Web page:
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Let $\cal{A}$ be an abelian category with enough projectives and $\mathbf{C}_+ (\cal{A})$ the category of bounded below chain complexes.

Since Quillen (Homotopical algebra, 1.2, examples B), there is a well-known "standard" model category structure on $\mathbf{C}_+ (\cal{A})$ taking as weak equivalences the maps inducing isomorphisms on homology, as fibrations the degree-wise epimorphisms in $\cal{A}$ and with cofibrations maps $i$ which are injective and such that $\mathrm{cok}\ i$ is a complex having a projective object of $\cal{A}$ in each degree.

More recently, Hovey (Model categories), proved an analogous result for the category of unbounded chain complexes, but with ${\cal A} = R$-modules, $R$ a ring (but cofibrations are not so easy to characterise). Finally, it's folklore (at least, I don't know if it is published somewhere) that the same holds for $\cal{A}$ an abelian category with a projective generator -the fact that allows the small object argument to work, as Eric Wofsey points out in his answer to this MO question.

I'm interested in the following variant of this problem: is there a model structure on $\mathbf{C}_+ (R)$ taking as weak equivalences the homotopy equivalences?

If it's true, I think this should be easy to verify: just taking a look to the classical proof and seing if you can change "homology equivalences" everywhere by "homotopy equivalences". I'm willingly going to do it, but, prior to start, I would like to know if it is already done, much as in the case of topological spaces where, together with the "standard" (Quillen too) model structure with weak homotopy equivalences as weak equivalences, there is the Strom model structure (The homotopy category is a homotopy category), with homotopy equivalences as weak equivalences.

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This is well known, but formulated in a slightly different way.

Recall that a Frobenius category is an exact category which has enough injectives as well as enough projectives, and such that an object is projective if and only if it is injective (injectivity (resp. projectivity) is defined with respect to inflations (resp. deflations)). If you forget about the existence of (finite) limits and colimits, any Frobenius category satisfies all the axioms of a Quillen model category: the cofibrations (resp. fibrations) are the inflations (resp. deflations), while the weak equivalences are the maps which factor through some projective-injective object. Therefore, any Frobenius category which has finite limits as well as finite colimits is a (stable) closed model category in the sense of Quillen.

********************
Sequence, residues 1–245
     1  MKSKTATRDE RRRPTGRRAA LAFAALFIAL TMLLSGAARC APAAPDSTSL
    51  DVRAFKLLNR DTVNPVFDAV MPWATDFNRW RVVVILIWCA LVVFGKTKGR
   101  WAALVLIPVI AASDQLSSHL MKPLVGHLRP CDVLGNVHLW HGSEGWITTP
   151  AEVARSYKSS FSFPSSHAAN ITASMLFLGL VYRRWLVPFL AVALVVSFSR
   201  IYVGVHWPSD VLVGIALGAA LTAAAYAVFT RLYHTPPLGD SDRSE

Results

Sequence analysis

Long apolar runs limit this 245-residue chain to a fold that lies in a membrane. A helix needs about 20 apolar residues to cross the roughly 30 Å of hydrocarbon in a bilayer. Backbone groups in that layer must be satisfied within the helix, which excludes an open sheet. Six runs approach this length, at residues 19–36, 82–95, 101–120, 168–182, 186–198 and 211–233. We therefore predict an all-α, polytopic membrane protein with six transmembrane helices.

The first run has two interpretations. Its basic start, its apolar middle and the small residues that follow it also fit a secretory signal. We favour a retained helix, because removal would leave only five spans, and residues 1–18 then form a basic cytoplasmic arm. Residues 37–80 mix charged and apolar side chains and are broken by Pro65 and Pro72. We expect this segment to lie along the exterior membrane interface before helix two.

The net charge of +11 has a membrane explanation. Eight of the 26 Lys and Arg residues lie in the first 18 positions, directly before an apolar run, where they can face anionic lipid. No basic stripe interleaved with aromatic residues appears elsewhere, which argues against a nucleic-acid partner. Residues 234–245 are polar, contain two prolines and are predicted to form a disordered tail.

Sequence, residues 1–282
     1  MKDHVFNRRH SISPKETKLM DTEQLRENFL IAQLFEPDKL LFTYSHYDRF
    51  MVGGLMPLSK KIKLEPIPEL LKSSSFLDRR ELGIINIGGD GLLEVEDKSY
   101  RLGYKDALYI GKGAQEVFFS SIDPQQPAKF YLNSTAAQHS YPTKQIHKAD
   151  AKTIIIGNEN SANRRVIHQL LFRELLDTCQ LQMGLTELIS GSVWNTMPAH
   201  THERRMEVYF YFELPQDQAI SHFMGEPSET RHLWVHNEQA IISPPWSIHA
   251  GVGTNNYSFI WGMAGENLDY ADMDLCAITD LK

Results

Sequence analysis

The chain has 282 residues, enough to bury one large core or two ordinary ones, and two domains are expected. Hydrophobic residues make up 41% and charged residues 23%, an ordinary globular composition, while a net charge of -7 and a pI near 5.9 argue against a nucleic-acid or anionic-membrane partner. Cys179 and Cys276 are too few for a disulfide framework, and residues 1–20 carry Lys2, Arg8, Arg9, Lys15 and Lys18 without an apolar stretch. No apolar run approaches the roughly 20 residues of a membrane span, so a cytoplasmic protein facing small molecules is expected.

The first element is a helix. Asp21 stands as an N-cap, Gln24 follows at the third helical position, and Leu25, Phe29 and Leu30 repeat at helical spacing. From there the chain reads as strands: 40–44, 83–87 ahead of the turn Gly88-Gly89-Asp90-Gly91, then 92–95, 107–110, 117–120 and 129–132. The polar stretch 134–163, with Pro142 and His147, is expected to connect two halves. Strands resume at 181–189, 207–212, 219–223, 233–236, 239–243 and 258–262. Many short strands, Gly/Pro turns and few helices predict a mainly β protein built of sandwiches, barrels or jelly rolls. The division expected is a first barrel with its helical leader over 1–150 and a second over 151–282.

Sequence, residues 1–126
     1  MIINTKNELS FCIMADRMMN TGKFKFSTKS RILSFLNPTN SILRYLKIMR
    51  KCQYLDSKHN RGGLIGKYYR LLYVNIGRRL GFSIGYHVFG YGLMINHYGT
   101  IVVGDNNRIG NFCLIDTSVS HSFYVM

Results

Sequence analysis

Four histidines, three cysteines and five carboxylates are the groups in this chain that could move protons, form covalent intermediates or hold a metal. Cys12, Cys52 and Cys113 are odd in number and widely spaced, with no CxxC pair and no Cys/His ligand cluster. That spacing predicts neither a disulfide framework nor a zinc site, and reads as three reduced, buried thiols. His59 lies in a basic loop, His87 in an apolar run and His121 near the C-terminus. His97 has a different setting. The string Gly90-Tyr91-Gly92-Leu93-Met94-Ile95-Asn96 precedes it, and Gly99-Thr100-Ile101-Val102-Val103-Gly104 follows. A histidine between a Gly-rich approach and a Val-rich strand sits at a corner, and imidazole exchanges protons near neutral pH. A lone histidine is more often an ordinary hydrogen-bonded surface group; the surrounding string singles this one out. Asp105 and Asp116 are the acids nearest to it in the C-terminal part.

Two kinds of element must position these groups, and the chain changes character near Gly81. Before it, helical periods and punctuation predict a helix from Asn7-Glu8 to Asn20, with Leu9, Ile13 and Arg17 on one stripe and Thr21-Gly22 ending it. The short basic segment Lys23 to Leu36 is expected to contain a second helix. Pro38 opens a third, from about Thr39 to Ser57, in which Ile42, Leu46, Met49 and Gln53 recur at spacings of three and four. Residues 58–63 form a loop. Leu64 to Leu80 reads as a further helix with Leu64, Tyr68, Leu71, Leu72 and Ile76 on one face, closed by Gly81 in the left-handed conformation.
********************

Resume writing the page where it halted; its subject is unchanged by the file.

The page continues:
Now, given an additive category $A$, the category of chain complexes $C^\sharp(A)$ (where $\sharp=\varnothing$ for unbounded chain complexes, $\sharp=b$ for bounded chain complexes, etc) is a Frobenius category: inflations (resp. deflations) are the degreewise split monomorphisms (resp. split epimorphisms), and projective-injective objects are the contractible chain complexes. If $A$ has finite limits as well as finite colimits, this shows that the category $C^\sharp(A)$ is a stable closed model category whose cofibrations (fibrations) are the degreewise split monomorphisms (resp. epimorphisms), and whose weak equivalences are the chain homotopy equivalences.

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Thank you, Denis-Charles Cisinski: any reference for this result? –  a.r. Oct 19 '10 at 12:05
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For the fact that any Frobenius category defines a model category, you may find a proof with Proposition 4.19 and Example 5.3 in a paper of mine: "Catégories dérivables", Bull. Soc. Math. France 138 (2010), 317-393 (but this is an old folklore result; I think the first instance of this appeared in the paper of A. Heller: "The loop-space functor in homological algebra", Trans. Amer. Math. Soc. 96 (1960), 382–394). The fact that C(A) is a Frobenius category for any additive category A is a nice exercise. –  Denis-Charles Cisinski Oct 20 '10 at 14:23
    
Merci encore, Denis. Je crois qu'on s'est rencontré à Barcelone il y a peut-être deux ans, n'est-ce pas? Amitiés. –  a.r. Oct 20 '10 at 19:01
    
En effet. A bientôt! –  Denis-Charles Cisinski Oct 20 '10 at 21:49

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